Springing into the Semester & Meet Maddie!

Happy spring semester all!

I would like to begin my first blog by introducing myself! I am from Castle Rock, Colorado (in-between Denver and Colorado Springs) and a sophomore studying Aviation Business here at Riddle! My passion in life is traveling, hence why this is the perfect school for me! On campus I am in the Honors program, an RA (Resident Advisor) in the New Residence Hall for the Honors Living and Learning Community, Associate Justice on the Student Government Student Court, secretary for Women in Aviation, ambassador for Women Ambassadors, a Business Eagles member, student assistant in the Office of Development, ambassador for the Orientation Team, a sister in the sorority Theta Phi Alpha, and now, a student blogger! Needless to say, I keep busy on campus!

With all this involvement comes a lot of time management practice. This time of year we are all rebooting since our schedules have changed so much! The past few weekends I have spent in training or at retreats. I love that the activities you partake in during college are mainly student-run. All organizations must have an advisor, but the students run the show! During RA training all meals are catered, so a lot of good food (even though you have to come back a week early from break)! Since RAs are meant to be a resource for students, we do a fall and spring training to keep the most up-to-date and as reliable as possible. The Student Government Association and my sorority also held retreats. Good food is provided here too, of course!

One of my favorite things about being on campus is all the activities that we have! Clubs range from skydiving — to the Microgravity Club that is currently working on a project with NASA! There is truly an activity for everyone to get involved with. Not only does this help your resume, but it’s a great way to make friends and take a break from school. Not sure what clubs to join? There is an Activities Fair in both the fall and spring where the campus is teeming with students checking out what all clubs have to offer!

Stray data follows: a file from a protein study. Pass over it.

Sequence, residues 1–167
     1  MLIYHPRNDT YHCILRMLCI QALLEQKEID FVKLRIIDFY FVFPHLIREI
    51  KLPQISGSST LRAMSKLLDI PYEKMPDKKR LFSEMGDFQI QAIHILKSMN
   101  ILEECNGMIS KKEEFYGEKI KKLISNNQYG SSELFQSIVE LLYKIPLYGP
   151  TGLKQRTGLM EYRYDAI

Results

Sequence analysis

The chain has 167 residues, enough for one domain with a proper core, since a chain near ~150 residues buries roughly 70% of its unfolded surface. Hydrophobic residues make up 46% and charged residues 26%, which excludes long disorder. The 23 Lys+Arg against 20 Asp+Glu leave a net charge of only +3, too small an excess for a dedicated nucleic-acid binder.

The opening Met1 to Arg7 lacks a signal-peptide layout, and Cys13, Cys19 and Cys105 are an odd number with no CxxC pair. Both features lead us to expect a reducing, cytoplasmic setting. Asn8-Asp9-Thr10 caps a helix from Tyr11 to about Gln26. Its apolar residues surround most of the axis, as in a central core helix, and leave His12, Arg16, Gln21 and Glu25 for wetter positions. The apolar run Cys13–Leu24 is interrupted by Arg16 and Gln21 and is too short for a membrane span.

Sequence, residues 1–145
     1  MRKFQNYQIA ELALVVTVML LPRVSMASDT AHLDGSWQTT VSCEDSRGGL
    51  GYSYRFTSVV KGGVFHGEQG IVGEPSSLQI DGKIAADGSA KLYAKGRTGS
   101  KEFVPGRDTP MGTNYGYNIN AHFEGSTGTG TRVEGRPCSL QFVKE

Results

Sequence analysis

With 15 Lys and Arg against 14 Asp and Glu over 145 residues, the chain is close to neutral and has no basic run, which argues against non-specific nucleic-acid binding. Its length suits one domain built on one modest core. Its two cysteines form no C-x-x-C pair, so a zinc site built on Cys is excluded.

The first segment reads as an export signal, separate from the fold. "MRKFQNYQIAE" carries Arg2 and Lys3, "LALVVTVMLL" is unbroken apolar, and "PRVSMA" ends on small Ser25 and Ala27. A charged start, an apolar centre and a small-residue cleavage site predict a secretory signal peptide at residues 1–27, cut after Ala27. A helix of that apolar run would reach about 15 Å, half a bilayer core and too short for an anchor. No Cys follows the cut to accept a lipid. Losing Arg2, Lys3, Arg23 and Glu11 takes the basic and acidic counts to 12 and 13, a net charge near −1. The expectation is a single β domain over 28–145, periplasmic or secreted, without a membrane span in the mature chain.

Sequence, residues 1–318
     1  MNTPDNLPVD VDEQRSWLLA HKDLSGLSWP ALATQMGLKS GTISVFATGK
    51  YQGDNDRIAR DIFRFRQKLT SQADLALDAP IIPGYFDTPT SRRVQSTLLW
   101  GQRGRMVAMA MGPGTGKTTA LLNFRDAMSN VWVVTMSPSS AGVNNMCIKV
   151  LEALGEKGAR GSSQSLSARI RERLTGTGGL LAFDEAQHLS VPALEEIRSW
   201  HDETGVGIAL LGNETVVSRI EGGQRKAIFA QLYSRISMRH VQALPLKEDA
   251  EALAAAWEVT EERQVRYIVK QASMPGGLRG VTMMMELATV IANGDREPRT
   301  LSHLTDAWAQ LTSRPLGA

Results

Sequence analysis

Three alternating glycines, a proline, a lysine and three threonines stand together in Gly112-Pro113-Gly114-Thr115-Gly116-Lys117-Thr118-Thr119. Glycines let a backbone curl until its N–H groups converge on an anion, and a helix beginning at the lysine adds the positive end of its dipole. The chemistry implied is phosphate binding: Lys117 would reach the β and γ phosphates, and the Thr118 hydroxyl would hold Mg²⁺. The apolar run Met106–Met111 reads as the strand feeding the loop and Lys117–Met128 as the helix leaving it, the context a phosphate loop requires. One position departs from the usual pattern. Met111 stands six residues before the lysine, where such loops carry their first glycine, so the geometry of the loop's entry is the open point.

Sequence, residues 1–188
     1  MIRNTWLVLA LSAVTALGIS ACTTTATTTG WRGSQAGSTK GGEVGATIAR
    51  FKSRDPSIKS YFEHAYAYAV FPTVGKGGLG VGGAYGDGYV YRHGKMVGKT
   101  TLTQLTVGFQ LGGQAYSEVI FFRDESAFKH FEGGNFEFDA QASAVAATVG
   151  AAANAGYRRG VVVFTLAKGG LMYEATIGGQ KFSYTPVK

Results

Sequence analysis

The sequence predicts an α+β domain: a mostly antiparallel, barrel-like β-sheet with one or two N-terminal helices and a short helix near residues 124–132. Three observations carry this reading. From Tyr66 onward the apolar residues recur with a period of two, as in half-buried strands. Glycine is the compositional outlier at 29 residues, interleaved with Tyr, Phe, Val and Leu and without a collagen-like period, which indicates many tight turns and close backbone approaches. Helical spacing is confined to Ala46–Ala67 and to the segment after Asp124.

While the activities are fun and all, classes have also begun. It is always a little nerve-racking to start again, but our professors are so interesting! One of my professors is an attorney and another was in airline marketing before changing over to teaching! I have learned lots about long-haul low-cost airlines and alliance codeshares in the past week. Learning things like this make going to my 8 am a lot easier!

I hope everyone is starting their semesters off strong!

– Maddie

Theta Phi Alpha

Women Ambassador

Orientation Team

Business Eagles at a Southwest Camp

Women in Aviation Tour

Women in Aviation Conference

 

 

 

Why Riddle is More Lit than I Thought

I’ve been hearing about going to college my whole life – talk about freaking out my senior year in high school, everybody was freaking out. Will there be really hard classes and tons of homework? I hate trying to fit in when I don’t know anybody. I’ve been told this is what I’m supposed to do since elementary school. Really? And then, it is the end of August. I am so not ready for this.

Embry-Riddle is near my home and my dad works there. Ugggg! Guess where I am going… Everybody knows its rep as nerd school central. You know, pilots, engineers, science geeks and pocket protectors. Students all so laser-focused that they have already decided what they are doing after they graduate. Professors and Resident Assistants all uptight and straight-laced. Fun dies here, right?

Guess what? It is not like that at all! The people I have met know how to let loose and have fun. They are smart, funny, and interesting. Yes, you have to study, but it is not all cooped up in a dorm room and staring at a computer. It is way more Lit than I thought.

Orientation week eased all us nervous freshman into the process. O-Week was cool. No upperclassmen! This made the first few days of settling in, wandering around, meeting new people and finding the best places to eat much less scary. With the O-Team, everything felt like a judgment-free zone. Everybody started making friends right away.

sarah-doolittle-top-shaft-1

What a fantastic October it has been! Between my birthday, many Halloween movie marathons, Stetson’s Opera Showcase, fall break at Halloween Horror Nights, the Tri Sigma fashion show, Jessica Lynn speaking, Screamageddon, Kennedy Space Center and the biggest (and most spooktacular) party of the year! Now all that’s left is to decorate the house, carve some pumpkins and celebrate my favorite holiday!

O-Week evening events helped me meet even more people as everyone has to know each other. It started feeling like home, meeting people in your dorm–Doolittle Upper Shaft Rules!–and leaving your door open and playing music to let everyone know to come by and visit. All of a sudden, you have the chance to learn about so many different cultures and customs because everyone at Riddle is from somewhere else.